Sharon’s other blog postings about climate change can be found here.  

 

Introducing Love in a Time of Climate Change

Progressive Christian Social Action Blog

Love in a Time of Climate Change

final book cover

Hello Friends,

Today I am introducing my soon-to-be released book, Love in a Time of Climate Change:  Honoring Creation, Establishing Justice.  It offers a progressive Christian approach to climate change that takes climate science seriously.  It is based on the core teachings of Jesus about loving God above all and our neighbors as ourselves.

Its premise is that in this time of climate change, loving God must include honoring creation—God’s creation.  Likewise, loving our neighbors must include working to establish justice for our human family, especially those who are most vulnerable, especially those who live on the front lines of climate change, justice for our young and for future generations, and justice for all parts of creation.  For as Albert Schweitzer said, “Until we extend our circle of compassion to all living things, [humanity] will not find peace.”

This book also draws from the teachings and practices of John Wesley, a key figure in the 18th century Great Awakening and founder of the United Methodist Church, especially his focus on the themes of creation and justice.  The book introduces his teachings on God as immanent within creation and as revealed through creation, and explores the similarities of his thought with that of several contemporary process theologians.  Likewise, it presents his teachings on what he called “social holiness,” his actions as a social reformer, and similarities between his teachings and that of liberation theologians today.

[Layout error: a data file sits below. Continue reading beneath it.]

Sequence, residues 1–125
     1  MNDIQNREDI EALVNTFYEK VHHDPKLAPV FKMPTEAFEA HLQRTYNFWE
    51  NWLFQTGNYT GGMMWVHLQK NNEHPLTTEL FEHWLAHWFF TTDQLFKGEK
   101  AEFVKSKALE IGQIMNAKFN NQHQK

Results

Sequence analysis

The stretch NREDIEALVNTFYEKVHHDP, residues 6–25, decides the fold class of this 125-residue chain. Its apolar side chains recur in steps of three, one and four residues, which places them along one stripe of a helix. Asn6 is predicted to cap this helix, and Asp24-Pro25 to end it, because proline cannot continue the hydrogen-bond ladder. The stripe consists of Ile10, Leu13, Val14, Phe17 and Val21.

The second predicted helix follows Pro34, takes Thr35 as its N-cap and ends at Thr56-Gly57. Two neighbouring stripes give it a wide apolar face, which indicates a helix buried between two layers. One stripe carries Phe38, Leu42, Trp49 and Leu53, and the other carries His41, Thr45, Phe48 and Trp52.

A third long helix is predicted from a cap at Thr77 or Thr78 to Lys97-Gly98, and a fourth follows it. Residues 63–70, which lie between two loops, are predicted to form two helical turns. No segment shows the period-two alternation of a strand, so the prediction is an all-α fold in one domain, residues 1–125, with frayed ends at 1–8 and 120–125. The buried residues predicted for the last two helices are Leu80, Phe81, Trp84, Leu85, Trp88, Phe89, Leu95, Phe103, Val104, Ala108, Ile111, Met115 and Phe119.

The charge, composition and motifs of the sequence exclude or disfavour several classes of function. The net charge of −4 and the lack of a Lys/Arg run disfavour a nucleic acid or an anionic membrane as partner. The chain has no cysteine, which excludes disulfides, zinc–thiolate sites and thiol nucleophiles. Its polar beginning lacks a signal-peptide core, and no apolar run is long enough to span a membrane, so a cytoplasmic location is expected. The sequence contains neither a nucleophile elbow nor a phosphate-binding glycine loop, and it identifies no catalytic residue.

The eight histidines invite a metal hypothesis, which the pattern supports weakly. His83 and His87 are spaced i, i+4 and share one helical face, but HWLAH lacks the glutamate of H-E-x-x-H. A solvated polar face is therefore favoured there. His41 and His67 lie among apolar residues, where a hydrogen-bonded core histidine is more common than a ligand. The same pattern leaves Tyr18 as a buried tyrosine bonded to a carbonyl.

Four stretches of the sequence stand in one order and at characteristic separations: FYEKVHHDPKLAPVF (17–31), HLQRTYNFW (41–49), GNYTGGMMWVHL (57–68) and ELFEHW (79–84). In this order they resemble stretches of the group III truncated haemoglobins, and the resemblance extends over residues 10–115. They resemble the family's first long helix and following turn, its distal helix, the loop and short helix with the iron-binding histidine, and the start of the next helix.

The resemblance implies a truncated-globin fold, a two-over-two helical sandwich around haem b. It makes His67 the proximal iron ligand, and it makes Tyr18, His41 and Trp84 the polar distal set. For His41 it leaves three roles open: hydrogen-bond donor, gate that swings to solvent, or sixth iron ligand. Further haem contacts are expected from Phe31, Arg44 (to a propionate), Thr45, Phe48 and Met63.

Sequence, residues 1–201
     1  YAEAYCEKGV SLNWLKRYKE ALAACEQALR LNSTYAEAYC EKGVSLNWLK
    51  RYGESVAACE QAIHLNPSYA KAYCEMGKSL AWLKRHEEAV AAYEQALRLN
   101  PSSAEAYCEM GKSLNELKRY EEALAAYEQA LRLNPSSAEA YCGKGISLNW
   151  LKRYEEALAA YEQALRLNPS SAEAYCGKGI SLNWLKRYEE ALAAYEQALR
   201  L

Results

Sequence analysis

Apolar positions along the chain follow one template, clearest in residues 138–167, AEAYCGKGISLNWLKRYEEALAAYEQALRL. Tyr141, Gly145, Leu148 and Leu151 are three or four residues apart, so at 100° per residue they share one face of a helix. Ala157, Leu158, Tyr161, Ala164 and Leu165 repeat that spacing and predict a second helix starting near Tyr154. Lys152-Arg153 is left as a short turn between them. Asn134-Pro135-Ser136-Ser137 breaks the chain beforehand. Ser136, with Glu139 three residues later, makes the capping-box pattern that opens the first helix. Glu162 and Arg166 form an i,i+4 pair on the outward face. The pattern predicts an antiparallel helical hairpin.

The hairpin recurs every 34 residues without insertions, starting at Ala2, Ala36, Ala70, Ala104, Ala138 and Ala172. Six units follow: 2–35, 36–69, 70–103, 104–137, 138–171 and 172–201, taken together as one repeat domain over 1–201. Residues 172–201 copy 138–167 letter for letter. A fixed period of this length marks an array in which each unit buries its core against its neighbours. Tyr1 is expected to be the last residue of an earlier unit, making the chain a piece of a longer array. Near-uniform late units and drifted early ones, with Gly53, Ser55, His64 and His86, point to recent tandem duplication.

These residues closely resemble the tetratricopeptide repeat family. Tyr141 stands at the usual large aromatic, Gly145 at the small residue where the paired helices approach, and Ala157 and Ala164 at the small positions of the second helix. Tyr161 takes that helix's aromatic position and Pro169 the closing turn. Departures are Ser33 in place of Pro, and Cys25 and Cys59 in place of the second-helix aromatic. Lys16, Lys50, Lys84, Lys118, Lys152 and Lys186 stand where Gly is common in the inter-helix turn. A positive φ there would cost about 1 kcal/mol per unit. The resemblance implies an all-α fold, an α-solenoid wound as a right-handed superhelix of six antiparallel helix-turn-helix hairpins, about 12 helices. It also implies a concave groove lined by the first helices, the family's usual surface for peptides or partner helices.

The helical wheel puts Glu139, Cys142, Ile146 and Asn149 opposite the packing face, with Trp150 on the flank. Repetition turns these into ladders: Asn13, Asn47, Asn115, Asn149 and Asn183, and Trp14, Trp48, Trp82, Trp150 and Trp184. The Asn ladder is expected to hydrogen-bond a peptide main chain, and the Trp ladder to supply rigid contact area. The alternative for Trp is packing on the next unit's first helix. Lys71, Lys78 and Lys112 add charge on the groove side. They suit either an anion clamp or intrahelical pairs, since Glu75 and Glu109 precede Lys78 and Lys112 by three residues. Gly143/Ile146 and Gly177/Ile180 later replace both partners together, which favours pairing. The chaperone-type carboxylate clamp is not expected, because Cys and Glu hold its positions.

But this book does not tell the readers what to think.  Instead, it demonstrates a process for exploring climate change from a faith perspective in a way that supports readers in thinking for themselves, examining the evidence, forming their own conclusions, and deciding what, if any, actions to take.  The book demonstrates an unfolding process of discovery based on exploring creation and justice, in the context of climate change, through the lenses of scripture, tradition, reason, and experience.

This process, creatively adapted from John Wesley, takes the Bible seriously, but does not insist that it all be taken literally.  It considers Christian tradition and acknowledges the good, but also shows the great harm dominant forms of Christianity have caused.  Readers are encouraged to think things through by using their God-given faculty of reason, to listen to their own inner voice, and to learn from their own experience.  In this way, readers integrate their understanding of climate change and its implications, including its spiritual implications, at a deep level, and gain insight that enables them to craft a faithful response based on their own understanding.

Finally, Love in a Time of Climate Change offers hope.  From the book: